To avoid supply interruption at a national level, community pharmacists are required to enforce new limits regarding dispensing certain prescription products to one months’ supply at the prescribed dose, and sales of over-the-counter medicines (including Ventolin, insulins and anti-epileptics) to a maximum of one unit per purchase. Pharmacists are also strongly encouraged to apply these limits to all other medicines.

ACCC authorises co-ordination by pharmaceutical wholesalers

On 31 March 2020, wholesalers of medicines were granted interim authorisation by the ACCC to co-operate to facilitate distribution of essential medication and pharmacy products. The announcement follows an application by the National Pharmaceutical Services Association to enable businesses to coordinate the supply, inventory management, distribution, logistics and import of pharmaceuticals needed by consumers and hospitals.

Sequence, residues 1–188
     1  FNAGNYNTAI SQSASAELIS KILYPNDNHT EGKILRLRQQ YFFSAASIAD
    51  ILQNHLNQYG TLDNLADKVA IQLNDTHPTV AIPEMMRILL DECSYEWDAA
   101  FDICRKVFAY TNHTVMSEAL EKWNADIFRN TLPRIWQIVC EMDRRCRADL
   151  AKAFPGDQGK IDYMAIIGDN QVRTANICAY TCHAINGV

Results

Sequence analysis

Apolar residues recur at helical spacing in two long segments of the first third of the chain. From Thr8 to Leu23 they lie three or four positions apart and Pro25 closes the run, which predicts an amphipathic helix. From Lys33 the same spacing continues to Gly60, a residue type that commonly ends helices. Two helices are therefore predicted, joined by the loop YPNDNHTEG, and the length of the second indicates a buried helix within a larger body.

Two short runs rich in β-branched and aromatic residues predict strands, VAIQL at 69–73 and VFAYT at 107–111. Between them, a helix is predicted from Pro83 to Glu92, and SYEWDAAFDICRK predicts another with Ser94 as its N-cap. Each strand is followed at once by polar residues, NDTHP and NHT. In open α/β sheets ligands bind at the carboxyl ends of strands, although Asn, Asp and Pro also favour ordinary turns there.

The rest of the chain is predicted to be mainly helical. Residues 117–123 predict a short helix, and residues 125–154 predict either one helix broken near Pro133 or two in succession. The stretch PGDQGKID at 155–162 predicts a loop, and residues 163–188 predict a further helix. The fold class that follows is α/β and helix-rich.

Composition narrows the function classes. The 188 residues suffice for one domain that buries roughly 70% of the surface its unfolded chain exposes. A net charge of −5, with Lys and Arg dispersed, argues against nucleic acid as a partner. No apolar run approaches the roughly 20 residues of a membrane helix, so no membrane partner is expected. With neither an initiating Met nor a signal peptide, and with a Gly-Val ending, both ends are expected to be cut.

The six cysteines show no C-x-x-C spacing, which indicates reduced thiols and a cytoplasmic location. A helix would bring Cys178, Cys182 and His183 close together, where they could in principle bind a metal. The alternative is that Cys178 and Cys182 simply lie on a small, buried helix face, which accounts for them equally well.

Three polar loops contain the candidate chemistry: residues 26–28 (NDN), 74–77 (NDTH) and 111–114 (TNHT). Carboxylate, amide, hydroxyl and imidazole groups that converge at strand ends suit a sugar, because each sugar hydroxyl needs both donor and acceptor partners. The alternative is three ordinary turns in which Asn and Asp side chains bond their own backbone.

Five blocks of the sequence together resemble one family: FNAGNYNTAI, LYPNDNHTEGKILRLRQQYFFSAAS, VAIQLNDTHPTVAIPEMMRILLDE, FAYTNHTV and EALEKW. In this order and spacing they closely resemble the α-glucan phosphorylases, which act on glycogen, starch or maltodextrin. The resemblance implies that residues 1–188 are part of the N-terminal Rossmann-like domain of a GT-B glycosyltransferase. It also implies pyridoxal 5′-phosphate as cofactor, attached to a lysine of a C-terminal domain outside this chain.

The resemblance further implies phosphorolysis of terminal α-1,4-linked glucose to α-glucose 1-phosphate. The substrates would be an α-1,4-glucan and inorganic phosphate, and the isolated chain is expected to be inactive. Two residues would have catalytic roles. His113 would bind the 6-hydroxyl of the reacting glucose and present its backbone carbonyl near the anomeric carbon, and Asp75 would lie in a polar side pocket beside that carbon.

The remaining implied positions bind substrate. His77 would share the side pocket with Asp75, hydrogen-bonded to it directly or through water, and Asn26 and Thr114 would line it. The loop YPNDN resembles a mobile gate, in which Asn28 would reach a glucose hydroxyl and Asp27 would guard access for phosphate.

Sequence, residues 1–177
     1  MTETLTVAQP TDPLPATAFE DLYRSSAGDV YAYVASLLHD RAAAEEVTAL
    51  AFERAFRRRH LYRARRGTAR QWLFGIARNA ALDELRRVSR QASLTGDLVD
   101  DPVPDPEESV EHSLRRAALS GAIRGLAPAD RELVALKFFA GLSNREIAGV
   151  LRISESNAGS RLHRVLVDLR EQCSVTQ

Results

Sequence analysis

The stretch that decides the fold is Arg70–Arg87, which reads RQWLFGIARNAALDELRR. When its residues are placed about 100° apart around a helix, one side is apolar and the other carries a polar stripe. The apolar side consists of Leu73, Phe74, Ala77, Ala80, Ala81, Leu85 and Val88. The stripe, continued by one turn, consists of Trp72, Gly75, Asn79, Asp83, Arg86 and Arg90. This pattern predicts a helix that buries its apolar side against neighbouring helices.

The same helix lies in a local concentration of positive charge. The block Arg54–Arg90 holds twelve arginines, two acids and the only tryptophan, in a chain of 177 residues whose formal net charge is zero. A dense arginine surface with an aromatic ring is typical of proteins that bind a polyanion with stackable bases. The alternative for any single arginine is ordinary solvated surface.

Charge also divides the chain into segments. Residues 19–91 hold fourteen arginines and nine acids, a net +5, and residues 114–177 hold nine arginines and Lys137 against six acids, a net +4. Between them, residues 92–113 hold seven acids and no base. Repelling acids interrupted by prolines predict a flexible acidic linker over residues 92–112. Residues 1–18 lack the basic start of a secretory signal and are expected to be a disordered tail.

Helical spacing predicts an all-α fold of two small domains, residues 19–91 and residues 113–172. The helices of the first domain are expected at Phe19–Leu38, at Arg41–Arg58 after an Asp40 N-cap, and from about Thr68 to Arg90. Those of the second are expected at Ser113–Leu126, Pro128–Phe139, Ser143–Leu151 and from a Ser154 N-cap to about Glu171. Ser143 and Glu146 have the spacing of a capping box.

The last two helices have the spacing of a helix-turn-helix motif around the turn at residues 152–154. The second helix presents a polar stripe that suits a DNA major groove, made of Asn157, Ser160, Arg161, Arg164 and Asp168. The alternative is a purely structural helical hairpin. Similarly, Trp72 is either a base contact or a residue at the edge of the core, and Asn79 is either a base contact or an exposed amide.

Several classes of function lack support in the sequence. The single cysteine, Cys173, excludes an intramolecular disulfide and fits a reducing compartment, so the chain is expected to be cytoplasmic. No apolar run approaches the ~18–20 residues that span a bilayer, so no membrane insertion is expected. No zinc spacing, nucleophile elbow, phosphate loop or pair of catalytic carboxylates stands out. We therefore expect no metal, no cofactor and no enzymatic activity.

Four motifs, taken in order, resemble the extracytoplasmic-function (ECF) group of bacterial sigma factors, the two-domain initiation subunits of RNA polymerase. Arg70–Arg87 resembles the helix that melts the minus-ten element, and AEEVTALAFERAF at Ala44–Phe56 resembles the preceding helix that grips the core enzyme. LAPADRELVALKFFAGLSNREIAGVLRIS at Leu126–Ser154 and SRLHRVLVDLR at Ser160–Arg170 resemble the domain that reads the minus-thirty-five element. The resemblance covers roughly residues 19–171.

ACCC authorisation provides statutory protection from court action for conduct that might otherwise raise concerns under the competition provisions of the Competition and Consumer Act 2010 (Cth). The co-ordination by pharmaceutical wholesalers will be subject to oversight from government and other regulatory bodies, and price fixing behaviour remains prohibited. The ACCC can review the authorisation at any time.

Supporting COVID-19 treatment

TGA exemptions for promising COVID-19 treatments

To support urgent availability of treatment for COVID-19, compounds identified as most promising have been exempted from registration and listing under the Therapeutic Goods Act, including:

TGA warns of illegal advertising